Odin, The All Knowing
The Germanic god of wisdom, war and magic, he was worshiped throughout Britain, wherever the Vikings and other Nordic tribes settled. Many places are named after him, or from derivations of his name.
Odin was born of giants named Borr and Bestla. He helped in shaping the earth from the slain body of Ymir, and created humankind from an Ash and an Elm tree. The god is depicted as a strong and tall middle-aged man, with a long beard, one eye and a grey cloak with a blue hood. He often walked in the mortal world observing the ways of men; he would always appear in a blue cloak and a wide brimmed hat, which was pulled down over his face to hide his single eye and his true identity.
Odin was all knowing and all seeing, and much of his knowledge and wisdom was hard won: He gave up an eye to drink from the Mimir’s Well of Knowledge, and hung pinned to Yggdrasil with a spear for nine days, so that he could gain the knowledge of the runes.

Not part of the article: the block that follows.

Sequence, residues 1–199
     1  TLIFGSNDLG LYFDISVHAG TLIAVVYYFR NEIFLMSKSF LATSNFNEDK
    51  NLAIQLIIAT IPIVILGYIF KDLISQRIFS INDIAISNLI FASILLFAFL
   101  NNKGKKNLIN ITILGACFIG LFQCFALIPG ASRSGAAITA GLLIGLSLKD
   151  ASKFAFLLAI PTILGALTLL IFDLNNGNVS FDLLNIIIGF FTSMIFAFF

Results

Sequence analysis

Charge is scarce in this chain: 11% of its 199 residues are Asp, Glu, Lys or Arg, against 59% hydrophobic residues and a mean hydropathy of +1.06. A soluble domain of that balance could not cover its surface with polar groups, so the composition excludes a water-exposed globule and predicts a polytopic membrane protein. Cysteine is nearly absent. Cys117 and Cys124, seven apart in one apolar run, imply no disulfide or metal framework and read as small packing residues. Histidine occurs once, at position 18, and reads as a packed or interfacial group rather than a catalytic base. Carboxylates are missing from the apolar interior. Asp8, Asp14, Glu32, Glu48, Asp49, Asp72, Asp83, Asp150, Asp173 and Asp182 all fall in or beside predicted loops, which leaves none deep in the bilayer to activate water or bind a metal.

In Britain Odin was seen as a leader of the wild hunt, and roamed the countryside with his pack of hounds searching for the souls of men. His horse Sleipnir had eight legs, and could ride faster than any mortal horse.
Odin was eventually identified as the Devil in Christian Britain, often when a new religion is introduced, the older gods become the new religions devils or demons.
Odin was also known as Woden or Wotan by the Anglo Saxons, and Wednesday is derived from his name.
He was consulted and invoked for magic, wisdom and occult matters.